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Put your marital squabbles aside to protect the mental wellbeing of your children

Put your marital squabbles aside to protect the mental wellbeing of your childrenBy Georgina Burrows

Parents who don’t have anything else – like houses or possessions – to fight about are likely to use their children to score points. Our experience here at Benussi & Co is that since the beginning of the current economic downturn and recession, we have been instructed by increasing numbers of parents in dispute about the arrangements for their children.

In 2010, I wrote a blog in response to Britain’s then most senior family judge, Sir Nicholas Wall, warning that parents were harming children during divorce proceedings by using them as “the battlefield” and the “ammunition”.

As I said in the blog, our firm works hard to keep disputes about children away from court, encouraging clients to resolve problems between themselves, with our help and guidance.

We know how important it is for children to maintain a good relationship with both parents. Divorce is unsettling enough for children; they need to know they are loved and wanted by both their mother and father. As they grow up, they will want both parents’ advice, guidance and practical help as well as the emotional security of knowing they are cherished by mum and dad.

Young children often believe the divorce is their fault – that if they’d been “good” their parents wouldn’t have split up. If, after the separation, they don’t see one parent regularly, those feelings of self-blame are likely to intensify. And such a mindset can lead to a host of other problems, including depression, as the children grow up.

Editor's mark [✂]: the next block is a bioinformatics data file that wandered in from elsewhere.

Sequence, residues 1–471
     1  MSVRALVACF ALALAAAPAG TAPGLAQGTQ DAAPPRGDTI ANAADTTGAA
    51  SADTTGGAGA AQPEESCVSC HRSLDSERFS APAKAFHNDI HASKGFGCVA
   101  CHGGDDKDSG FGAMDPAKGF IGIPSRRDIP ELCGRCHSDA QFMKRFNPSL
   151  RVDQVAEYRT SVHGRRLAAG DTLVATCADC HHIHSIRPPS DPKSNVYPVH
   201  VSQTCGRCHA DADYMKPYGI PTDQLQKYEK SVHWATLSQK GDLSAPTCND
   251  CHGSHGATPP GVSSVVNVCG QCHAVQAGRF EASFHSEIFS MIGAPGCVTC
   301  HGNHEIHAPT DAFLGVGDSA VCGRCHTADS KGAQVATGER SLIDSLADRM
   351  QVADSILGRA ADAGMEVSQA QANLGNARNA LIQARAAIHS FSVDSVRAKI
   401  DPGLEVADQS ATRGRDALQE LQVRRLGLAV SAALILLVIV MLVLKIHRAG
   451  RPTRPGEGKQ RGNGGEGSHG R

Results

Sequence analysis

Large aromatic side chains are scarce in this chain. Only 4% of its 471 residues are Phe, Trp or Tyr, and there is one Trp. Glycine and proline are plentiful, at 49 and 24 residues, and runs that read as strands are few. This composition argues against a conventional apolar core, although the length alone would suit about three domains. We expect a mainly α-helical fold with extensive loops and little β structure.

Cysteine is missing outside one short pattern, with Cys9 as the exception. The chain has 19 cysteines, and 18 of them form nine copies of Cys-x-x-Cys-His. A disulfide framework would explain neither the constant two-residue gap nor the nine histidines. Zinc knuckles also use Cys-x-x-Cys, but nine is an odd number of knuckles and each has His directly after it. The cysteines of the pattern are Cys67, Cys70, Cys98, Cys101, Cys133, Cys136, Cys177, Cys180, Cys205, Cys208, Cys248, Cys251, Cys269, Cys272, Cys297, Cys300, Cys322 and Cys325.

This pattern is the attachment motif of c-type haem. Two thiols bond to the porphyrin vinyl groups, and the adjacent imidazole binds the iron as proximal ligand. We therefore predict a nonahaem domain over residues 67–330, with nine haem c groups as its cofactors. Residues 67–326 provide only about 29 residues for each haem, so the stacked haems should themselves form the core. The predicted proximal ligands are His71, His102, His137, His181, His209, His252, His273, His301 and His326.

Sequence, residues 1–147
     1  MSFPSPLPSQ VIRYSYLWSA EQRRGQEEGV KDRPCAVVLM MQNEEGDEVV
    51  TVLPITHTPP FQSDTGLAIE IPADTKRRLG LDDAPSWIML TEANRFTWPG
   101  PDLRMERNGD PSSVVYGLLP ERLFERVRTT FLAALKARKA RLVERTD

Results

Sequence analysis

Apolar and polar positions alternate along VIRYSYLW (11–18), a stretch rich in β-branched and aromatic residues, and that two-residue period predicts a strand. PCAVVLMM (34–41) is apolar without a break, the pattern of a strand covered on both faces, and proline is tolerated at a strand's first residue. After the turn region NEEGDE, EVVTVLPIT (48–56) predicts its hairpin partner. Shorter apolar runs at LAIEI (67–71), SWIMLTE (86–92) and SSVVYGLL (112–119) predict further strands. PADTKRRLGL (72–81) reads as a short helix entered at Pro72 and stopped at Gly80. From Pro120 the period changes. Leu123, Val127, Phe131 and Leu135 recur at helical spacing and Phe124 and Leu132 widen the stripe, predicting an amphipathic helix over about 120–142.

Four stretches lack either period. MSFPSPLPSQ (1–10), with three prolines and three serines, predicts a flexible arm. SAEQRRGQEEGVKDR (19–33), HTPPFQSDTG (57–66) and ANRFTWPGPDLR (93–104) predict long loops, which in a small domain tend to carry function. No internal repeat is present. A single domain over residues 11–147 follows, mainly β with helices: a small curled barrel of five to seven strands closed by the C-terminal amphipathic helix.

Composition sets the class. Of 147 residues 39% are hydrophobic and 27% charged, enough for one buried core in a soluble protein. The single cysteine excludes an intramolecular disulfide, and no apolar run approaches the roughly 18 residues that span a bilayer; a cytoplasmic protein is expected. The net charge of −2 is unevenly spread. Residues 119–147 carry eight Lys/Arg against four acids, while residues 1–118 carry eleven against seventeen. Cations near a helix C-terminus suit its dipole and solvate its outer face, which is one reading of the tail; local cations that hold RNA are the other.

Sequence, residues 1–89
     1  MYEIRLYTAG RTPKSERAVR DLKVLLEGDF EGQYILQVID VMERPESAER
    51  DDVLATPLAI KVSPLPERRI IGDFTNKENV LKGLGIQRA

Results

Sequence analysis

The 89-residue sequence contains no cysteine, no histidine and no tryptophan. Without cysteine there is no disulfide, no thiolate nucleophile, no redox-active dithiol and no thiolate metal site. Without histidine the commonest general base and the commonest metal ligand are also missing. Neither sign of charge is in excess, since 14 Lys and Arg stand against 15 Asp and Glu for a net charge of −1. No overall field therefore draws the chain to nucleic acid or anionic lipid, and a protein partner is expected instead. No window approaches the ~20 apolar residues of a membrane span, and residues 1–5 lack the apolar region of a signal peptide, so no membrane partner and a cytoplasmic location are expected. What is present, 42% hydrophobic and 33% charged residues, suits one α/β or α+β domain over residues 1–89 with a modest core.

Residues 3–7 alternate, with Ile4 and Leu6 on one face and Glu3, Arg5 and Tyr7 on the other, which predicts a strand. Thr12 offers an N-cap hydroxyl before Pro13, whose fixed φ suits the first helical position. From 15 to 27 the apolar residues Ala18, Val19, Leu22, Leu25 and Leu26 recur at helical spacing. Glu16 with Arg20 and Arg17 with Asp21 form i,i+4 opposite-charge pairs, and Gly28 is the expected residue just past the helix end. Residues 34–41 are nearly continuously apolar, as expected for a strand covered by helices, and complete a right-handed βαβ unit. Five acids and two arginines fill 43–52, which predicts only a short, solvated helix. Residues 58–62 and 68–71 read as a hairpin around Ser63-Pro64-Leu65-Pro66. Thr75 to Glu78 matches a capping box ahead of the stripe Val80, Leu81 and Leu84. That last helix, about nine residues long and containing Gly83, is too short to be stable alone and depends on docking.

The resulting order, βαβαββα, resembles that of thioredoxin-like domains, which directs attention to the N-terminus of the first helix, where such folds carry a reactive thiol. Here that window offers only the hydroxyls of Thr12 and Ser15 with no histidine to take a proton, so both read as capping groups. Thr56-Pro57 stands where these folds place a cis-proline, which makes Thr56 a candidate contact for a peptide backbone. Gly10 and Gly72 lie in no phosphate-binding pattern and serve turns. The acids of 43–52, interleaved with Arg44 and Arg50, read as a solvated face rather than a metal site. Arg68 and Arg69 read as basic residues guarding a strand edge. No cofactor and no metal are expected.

We always stress to clients, therefore, that however angry they are with their estranged spouse, they should not let their antipathy cloud their judgment when it comes to making contact arrangements for their children. If they allow personal grievances to interfere with their children’s ongoing relationship with the other parent, the children will suffer – possibly for the rest of their lives.

We are similarly robust in our advice to clients who have left the family home and believe it will be better for their children if they don’t stay in touch. With very few exceptions (such as violence), this is never the case: children will always benefit from spending time and being in touch with the absent parent on a regular basis.

Today, with social media, Skype and mobile phones, keeping lines of communication open has never been easier. But when people are going through difficult times emotionally, it can sometimes take a lot of effort to ensure contact is frequent and sustained.

Not making that effort, however, could have long-lasting effects for both parents and children. That’s why it’s crucial to ensure that divorce is handled sensitively, civilly and with the children’s needs and interests at the forefront.

  • Georgina Burrows is a solicitor with Benussi & Co
  • Next week: Why “shared residence” arrangements aren’t always best for the children

 

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